B. January 8, 1926
Birthplace: Tokyo, Japan
Awards: Neiman Marcus Award, 1975
Medaille d'Argent, City of Paris, 1978 Symbol of Man Award, Minnesota Museum, 1978 Croix de Chevalier des Arts et Lettres, 1984 Avant-garde Japon, Centre Pompidou, Paris, 1986 Purple Ribbon Decoration, Japan, 1988
Asahi Prize as Pioneer of Japanese Fashion, 1988 Chevalier de la Legion d'Honneur, 1989 Person of Cultural Merit, Japan, 1989
Hanae Mori: 35 Years of Fashion, Tokyo, 1989, Monte Carlo, 1990, and Paris, 1990
Japonism in Fashion, Kyoto Costume Institute, 1994
Japanese Design: A Survey Since 1950, Philadelphia Museum of Art, 1994
Orientalism, Metropolitan Museum of Art, New York, 1994-1995.
Hanae Mori was one of the first Asian designers to cross over into Western fashion. Ever since the East was opened to the West, Europeans have borrowed Asian style elements for design and art, but this influence has always been a Western interpretation of Eastern design. As a native of Japan, Mori designs Asian-inspired clothing from an Eastern perspective and remains tied to her Japanese roots.
Initially Mori did not study design. She earned a degree in Japanese literature from Tokyo Christian Women's University in 1947. After World War II, she attended design school and began producing her own designs in 1955. For the next several years, she created clothes for private clients and costumes for films and plays.
Mori entered into the international fashion scene in 1965 when she showed her first ready-to-wear collection in New York and opened a boutique in Tokyo. By 1977 she had solidified her reputation in the fashion world with the introduction of a haute couture line. That same year she became the first Japanese member of the exclusive Chambre Syndicale de la Haute Couture.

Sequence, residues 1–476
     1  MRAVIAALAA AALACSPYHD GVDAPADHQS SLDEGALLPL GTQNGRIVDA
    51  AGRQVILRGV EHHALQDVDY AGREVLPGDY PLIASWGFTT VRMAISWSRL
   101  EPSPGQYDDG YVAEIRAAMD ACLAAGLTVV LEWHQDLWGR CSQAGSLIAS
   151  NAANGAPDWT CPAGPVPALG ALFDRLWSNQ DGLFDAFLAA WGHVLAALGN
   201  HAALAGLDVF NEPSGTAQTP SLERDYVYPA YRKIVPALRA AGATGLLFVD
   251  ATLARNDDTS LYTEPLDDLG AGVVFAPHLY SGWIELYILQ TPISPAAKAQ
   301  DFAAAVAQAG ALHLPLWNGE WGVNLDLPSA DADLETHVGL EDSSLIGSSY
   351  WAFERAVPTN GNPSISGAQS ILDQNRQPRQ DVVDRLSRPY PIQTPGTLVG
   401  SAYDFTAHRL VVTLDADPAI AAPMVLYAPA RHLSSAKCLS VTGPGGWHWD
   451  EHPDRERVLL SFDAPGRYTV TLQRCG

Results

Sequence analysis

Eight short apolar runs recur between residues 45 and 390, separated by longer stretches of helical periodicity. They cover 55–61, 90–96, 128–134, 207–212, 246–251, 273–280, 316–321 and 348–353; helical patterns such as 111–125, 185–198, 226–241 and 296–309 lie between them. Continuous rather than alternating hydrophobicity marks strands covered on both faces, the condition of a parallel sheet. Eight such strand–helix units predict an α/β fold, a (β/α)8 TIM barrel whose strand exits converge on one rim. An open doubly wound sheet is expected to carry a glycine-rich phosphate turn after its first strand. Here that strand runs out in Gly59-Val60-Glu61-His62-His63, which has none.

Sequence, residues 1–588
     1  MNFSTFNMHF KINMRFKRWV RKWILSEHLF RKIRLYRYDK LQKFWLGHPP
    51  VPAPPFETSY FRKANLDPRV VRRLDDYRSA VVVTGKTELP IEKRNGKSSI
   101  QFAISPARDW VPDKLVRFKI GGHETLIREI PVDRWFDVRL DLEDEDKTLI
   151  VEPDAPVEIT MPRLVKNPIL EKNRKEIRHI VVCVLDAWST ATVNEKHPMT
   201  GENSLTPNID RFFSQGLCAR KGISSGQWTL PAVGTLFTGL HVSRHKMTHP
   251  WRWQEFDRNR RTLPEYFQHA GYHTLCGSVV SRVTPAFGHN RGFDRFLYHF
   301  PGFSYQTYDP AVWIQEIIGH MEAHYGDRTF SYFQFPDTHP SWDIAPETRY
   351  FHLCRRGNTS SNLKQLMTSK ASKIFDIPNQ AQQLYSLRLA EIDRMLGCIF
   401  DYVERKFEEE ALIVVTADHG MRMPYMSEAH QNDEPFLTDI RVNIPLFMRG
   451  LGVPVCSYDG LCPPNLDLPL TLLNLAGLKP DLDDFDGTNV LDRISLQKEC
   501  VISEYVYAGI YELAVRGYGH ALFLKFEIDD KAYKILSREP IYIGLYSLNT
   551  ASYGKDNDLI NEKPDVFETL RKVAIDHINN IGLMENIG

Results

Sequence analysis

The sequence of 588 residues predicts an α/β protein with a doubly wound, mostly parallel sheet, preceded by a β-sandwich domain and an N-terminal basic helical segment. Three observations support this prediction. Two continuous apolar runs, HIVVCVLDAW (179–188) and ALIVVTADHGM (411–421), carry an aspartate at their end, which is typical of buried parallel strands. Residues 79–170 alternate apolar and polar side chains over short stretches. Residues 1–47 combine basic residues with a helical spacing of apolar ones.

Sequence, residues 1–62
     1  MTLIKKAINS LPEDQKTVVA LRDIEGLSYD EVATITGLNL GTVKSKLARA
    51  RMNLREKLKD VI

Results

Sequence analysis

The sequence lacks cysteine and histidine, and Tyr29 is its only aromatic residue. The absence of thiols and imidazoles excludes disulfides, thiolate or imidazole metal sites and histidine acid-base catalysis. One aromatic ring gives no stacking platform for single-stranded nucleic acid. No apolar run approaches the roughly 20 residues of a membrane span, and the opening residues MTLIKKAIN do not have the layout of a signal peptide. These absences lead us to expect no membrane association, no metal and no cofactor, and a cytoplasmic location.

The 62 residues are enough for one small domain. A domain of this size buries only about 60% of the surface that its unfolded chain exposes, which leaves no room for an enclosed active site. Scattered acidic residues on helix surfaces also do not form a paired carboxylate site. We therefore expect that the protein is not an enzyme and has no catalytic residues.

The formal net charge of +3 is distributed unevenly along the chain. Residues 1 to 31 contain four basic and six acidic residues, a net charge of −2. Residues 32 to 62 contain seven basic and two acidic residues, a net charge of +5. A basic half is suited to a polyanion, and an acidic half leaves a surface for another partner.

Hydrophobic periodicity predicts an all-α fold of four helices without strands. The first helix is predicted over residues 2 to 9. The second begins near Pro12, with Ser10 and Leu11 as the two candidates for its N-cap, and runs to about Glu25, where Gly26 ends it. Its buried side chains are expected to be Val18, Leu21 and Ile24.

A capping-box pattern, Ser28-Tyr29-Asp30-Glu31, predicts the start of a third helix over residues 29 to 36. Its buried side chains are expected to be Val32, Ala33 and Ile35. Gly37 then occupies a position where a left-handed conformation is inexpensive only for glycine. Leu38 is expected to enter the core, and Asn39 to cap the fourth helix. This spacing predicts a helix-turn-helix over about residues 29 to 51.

In 1985 Mori opened a boutique in Paris, followed by one in Monte Carlo in 1986; by 1993, she owned more than seventy boutiques throughout the world. Mori and Cosmetique et Parfum International, a licensee, introduced a women's fragrance in 1996. In addition, Mori has signed license agreements for menswear, children's wear, golf clothes, and accessories such as jewelry, belts, and shoes. Some of her more recent license agreements include Hermes for scarves, Revman Industries for bedding, and Plaid Clothing Group for men's and boys' clothing.
Mori was able to expand her business through licensing and retailing based on her success with her women's clothing lines. Known for her evening wear, Mori uses flowing, patterned textiles specially manufactured by her husband's company. Her love of art is evident in the patterns she chooses; they range from OpArt to flowers and her trademark butterfly. Drawing from the Japanese aesthetic, many of her designs incorporate asymmetry, kimono sleeves, and Mao collars. During her forty-five years of designing, Mori has consistently produced simple, elegant shapes which focus on the draping of the fluid silks she employs. As one of the first Asian designers to cross over successfully into Western fashion, Mori opened the door for the popularity of the Asian aesthetic in the 1980s and the endurance of Asian style in Western design. Website: http://www.morihanae.co.jp
Gellars, Stan. "Plaid, Mori sign Clothing Licensing Deal." Daily News Record 24
(March 16, 1994): 2. Martin, Richard, ed. Contemporary Fashion. New York: St. James Press, 1995. "Mori Nets Art School Butterflies." Women's Wear Daily 172 (October 18, 1996): 7.
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